In the past ISIS made claims that it would use Afghanistan as foothold for future destabilization of the entire region. That is why Maria Zakharova explicitly concluded that ‘given the current trends these threats start to quire real shape’ (see: previous reference).
It is important to reiterate one aspect highlighted by the experts. According to their assumptions, Russia had a role to play in the exacerbation of those trends owing to military operations commenced across Syria. Terrorists fleeing those areas are attempting to seize different territories. Afghanistan is regarded as the most vulnerable spot in that sense. ISIS implements a strategy of penetrating other countries as continues to seize Afghan provinces.
This leads us to predictions about the emergence of the new wave of terror in the Central Asia. Director of the Risk Assessment Group (Kazakhstan) D. Satpayev believes that Russian interference with the Syrian crisis provoked rising terrorism risks in the Central Asia and the Caucasus (see: Сирийский кризис несет угрозы стабильности Центральной Азии и Кавказу / “Вестник Кавказа”, 7 October 2015).
Next Victim: Central Asia
At present, the Central Asia is the coveted territory (Maria Zakharova) for the terrorists as thousands of people from this region have already filled the ranks of ISIS. Moreover, there are potential sources for infighting in the countries of the region. ‘Hizbut al-Tahrir’ enjoys strong presence in Kyrgyzstan, despite being outlawed in many countries, including Russia and Kazakhstan. Borders of Turkmenistan are thought to be the most penetrable. Director of the Kazakhstan’s Institute of Strategic Studies Erlan Karin thinks that borders with Turkmenistan are poorly secured. Ashgabat recognized the threat and deployed additional troops (see: previous reference). However, there are no guarantees that such measures would thwart terrorist acts in the Central Asia. According to Karin, the situation is exacerbated by the relentless clash of the large nations over the Middle East. Those on the losing side may try to recover their losses by seeking compensation in the Central Asia (see: previous reference).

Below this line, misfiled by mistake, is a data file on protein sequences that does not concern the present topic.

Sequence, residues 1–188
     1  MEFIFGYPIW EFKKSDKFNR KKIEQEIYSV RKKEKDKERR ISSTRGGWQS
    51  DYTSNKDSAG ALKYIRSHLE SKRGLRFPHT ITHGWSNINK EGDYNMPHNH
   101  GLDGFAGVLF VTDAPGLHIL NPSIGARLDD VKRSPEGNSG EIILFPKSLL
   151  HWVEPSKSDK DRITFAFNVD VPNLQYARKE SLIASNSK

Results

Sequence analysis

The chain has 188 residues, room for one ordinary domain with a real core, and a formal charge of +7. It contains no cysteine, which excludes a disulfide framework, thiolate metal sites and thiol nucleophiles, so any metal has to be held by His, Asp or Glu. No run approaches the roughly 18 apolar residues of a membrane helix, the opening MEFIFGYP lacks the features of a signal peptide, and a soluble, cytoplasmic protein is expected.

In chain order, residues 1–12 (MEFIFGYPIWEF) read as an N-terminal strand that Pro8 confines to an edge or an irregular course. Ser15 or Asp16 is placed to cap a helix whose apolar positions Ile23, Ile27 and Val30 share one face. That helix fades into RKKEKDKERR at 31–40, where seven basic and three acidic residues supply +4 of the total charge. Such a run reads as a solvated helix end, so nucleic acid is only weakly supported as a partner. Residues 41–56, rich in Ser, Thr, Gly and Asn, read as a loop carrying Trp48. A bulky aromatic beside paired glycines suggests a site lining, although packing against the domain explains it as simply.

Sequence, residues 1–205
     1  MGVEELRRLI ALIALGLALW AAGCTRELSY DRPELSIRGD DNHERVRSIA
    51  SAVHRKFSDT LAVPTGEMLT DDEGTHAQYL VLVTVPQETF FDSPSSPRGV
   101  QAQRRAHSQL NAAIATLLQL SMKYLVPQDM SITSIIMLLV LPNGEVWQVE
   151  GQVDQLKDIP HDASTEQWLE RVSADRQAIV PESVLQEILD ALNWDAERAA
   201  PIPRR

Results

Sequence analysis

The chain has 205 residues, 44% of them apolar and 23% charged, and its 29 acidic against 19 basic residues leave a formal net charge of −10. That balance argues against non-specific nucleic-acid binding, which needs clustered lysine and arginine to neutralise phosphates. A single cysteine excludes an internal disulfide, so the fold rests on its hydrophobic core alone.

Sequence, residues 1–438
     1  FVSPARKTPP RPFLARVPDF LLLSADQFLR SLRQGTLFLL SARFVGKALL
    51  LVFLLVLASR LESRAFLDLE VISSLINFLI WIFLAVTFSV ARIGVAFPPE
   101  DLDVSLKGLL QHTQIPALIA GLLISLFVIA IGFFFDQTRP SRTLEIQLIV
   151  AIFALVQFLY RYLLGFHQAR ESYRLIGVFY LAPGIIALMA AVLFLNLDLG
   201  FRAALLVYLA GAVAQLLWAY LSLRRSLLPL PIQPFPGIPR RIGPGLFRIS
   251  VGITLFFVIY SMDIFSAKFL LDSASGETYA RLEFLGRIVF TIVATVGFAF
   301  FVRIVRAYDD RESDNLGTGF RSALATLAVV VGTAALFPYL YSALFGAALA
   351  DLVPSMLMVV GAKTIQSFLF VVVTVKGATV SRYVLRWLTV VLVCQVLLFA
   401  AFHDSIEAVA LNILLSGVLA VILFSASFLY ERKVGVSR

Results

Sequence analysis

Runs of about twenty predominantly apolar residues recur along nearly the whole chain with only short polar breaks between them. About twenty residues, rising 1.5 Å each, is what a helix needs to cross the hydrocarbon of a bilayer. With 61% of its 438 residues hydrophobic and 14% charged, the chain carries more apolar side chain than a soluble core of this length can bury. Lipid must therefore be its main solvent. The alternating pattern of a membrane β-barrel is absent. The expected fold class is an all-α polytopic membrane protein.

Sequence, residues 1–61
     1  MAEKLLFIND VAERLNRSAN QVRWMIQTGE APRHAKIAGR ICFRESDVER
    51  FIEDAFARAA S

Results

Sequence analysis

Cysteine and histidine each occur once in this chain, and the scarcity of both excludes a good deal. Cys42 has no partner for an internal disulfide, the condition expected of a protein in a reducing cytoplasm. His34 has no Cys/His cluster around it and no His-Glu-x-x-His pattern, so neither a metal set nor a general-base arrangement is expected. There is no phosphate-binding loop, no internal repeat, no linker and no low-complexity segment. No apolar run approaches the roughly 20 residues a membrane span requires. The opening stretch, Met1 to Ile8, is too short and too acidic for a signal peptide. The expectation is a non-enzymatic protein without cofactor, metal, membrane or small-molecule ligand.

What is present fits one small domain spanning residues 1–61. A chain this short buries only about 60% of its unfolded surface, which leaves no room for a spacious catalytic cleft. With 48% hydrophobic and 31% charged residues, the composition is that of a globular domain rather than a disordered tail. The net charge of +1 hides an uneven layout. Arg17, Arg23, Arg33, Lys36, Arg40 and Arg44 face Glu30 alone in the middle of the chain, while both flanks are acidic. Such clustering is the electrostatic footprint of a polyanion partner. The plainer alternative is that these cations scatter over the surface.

By now, ISIS has probably designated its representatives in Russia, Kazakhstan, Uzbekistan, Turkmenistan and Kyrgyzstan, established own cells across a vast geography that is, and nobody can guarantee that they would not become operational soon. ISIS’s successive military accomplishments In Afghanistan symbolize certain processes. It is fascinating that with the increasing risk of terrorism and potential threat of the Central Asia becoming a source of an outburst in the region also come the ambitions of the great powers. During his tour of the region in the mid-year U.S. State Secretary John Kerry emphasized the fact that cooperation between the parties expanded beyond the security framework and Washington was determined to pursue further engagement.